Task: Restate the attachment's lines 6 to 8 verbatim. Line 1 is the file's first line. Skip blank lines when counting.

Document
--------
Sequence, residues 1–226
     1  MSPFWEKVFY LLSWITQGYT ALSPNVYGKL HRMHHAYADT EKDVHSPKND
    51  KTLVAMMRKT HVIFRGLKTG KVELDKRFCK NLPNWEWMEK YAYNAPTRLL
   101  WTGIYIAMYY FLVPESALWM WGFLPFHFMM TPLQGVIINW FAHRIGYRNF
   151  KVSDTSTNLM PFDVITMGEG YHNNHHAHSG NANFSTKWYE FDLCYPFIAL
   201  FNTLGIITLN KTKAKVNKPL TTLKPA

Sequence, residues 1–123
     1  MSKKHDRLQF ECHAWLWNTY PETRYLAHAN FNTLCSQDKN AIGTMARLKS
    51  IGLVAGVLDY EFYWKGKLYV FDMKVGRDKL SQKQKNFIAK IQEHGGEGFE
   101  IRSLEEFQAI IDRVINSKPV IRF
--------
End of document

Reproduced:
   201  FNTLGIITLN KTKAKVNKPL TTLKPA

Sequence, residues 1–123
     1  MSKKHDRLQF ECHAWLWNTY PETRYLAHAN FNTLCSQDKN AIGTMARLKS